“Josh, those eyesores must be gone by tennis season. Or you’ll be fired.” She flips her dark hair in a curt dismissal, but I just stand there for a moment, staring.
Can you believe she said that? To me, the very backbone of Longhill? I’ve spent thirty years coddling and caring for those azaleas, and she calls them an eyesore? For once, words fail me. She’s the new owner of Longhill, you understand, and I’m just the old gardener. She wants a tennis court. You can imagine how I feel about that! I can’t destroy my life’s work – those towering, magnificent, blood-red azaleas. What an impasse! I’ll just have to sleep on it.
Blazing red azaleas swirl and dance and finally become bold lipstick stains on a drinking glass. The glass and the raven-haired drinker fall in slow motion to the floor. I step in carefully and remove all traces of poison.
I turn over in my sleep, half waking, feeling a bit better. Perhaps all is not lost. In the meantime, back to sleep.
The brilliant red azaleas blend into the red silk of the Chinese pillows tossed casually on the floor. A slim figure lounges on the couch, ebony hair half-covering her habitual frown. Unsuspecting sleeper, silk smothering, a slight struggle, then stillness. I toss the pillow on the floor again and tip-toe out.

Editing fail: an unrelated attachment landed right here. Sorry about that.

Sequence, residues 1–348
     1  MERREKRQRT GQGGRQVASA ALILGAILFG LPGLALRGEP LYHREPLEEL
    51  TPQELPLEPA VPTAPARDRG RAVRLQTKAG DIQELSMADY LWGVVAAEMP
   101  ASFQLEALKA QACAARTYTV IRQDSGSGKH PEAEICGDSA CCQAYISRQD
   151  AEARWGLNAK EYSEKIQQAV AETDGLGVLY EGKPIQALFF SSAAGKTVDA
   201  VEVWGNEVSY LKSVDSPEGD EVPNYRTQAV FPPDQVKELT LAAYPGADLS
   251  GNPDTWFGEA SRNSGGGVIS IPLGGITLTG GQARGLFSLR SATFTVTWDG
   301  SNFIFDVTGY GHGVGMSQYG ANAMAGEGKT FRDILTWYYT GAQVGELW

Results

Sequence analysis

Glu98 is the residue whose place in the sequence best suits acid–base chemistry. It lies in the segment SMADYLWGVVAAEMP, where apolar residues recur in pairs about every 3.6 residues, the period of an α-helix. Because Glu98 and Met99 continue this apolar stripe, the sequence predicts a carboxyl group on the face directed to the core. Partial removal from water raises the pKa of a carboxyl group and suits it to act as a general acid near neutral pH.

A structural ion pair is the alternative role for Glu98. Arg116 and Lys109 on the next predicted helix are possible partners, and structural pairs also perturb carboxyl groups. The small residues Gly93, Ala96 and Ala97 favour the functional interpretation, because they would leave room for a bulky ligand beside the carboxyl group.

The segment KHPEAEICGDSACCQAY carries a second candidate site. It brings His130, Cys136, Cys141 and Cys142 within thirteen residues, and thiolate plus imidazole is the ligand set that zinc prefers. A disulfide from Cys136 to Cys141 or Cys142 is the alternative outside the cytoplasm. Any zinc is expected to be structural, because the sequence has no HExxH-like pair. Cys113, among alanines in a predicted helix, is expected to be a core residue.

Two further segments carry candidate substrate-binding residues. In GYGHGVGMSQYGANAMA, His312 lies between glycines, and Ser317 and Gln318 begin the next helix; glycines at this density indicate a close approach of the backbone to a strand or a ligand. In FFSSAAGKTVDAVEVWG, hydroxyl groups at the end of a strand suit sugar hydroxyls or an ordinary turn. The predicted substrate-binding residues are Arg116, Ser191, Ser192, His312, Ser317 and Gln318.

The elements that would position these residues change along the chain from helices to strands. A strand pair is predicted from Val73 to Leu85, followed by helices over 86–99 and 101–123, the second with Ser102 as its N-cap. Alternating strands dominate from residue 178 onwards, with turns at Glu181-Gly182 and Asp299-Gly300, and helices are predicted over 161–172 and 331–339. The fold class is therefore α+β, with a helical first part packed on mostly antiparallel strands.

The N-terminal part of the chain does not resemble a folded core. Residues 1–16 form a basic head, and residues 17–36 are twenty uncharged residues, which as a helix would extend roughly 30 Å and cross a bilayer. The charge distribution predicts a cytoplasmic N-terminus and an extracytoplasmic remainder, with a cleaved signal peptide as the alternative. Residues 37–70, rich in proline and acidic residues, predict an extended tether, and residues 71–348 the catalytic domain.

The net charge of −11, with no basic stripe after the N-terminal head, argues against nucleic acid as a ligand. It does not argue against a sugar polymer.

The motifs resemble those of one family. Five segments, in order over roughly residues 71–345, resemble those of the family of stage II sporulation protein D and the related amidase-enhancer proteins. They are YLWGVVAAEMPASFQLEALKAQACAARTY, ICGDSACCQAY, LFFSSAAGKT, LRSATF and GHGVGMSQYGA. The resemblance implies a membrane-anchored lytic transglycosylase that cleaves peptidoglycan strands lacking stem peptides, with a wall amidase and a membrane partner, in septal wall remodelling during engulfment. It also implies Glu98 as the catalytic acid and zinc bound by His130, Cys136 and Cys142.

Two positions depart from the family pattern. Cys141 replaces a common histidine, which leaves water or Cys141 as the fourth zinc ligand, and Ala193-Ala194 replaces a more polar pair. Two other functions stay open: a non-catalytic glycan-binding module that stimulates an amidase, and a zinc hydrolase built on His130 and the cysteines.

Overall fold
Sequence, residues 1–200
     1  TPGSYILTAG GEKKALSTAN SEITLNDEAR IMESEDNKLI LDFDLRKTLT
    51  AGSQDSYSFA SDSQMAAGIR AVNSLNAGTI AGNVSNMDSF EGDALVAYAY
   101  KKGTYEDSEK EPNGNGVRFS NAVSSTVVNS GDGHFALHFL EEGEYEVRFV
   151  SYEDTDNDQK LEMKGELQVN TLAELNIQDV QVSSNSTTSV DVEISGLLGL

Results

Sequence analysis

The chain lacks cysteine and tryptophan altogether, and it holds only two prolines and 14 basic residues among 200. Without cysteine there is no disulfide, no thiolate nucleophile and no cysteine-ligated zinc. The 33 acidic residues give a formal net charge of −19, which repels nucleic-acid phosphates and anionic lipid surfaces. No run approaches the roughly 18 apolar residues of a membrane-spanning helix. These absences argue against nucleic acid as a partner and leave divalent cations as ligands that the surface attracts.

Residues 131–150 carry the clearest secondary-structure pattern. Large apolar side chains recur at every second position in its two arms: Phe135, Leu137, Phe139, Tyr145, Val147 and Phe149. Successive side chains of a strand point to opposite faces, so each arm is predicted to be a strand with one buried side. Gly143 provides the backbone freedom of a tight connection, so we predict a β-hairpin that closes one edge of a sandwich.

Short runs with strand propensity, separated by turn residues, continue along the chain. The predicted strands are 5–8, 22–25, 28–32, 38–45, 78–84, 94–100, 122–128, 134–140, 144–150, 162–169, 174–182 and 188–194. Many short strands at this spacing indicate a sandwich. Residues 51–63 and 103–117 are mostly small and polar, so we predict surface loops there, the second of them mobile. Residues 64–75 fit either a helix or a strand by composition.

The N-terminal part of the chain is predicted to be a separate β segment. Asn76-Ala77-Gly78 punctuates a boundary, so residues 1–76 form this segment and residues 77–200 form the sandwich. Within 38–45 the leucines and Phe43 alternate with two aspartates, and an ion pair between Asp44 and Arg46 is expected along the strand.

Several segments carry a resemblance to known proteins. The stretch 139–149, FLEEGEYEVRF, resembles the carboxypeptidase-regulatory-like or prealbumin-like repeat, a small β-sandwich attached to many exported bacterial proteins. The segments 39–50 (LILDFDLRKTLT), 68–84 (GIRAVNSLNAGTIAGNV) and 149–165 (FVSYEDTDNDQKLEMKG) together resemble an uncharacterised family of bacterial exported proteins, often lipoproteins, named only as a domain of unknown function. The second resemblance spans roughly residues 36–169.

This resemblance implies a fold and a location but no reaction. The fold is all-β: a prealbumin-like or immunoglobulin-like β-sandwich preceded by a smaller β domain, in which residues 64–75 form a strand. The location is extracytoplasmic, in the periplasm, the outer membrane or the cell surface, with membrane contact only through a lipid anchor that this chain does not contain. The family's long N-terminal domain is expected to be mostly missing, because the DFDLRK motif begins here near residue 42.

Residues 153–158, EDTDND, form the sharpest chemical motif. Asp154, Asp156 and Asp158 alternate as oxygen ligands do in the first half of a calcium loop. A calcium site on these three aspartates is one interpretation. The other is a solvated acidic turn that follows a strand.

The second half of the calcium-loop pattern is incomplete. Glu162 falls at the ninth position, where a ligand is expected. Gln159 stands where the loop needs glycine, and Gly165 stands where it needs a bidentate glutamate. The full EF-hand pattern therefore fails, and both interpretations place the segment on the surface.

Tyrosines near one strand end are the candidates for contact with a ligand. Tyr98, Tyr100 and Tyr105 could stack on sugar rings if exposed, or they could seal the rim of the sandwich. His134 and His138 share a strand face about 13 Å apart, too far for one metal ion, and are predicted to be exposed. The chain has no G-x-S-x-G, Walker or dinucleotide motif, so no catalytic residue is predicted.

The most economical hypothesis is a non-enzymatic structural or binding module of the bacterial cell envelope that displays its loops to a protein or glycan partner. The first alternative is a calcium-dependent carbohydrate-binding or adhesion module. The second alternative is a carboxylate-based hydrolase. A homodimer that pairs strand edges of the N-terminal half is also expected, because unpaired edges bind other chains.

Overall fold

I smile in my sleep, starting to feel my natural good spirits return. The red azaleas haven’t finished speaking yet, and I’m all ears now.
The dewdrops glisten on the dazzling red azaleas, becoming a stream, then a flood, then the dripping waters of Lake Longhill. The body pulled from the lake is clad all in crimson, the black hair tangled with duckweed and algae. The red and green looks like a Christmas present wrapped especially for me – the head gardener, the cultivator of prize azaleas. I warble out “Joy to the World”.
The joyous sound of a singing wren wakes me to a new day, fresh and fragrant and filled with infinite possibilities. Very soon, I’ll be fertilizing my azaleas.
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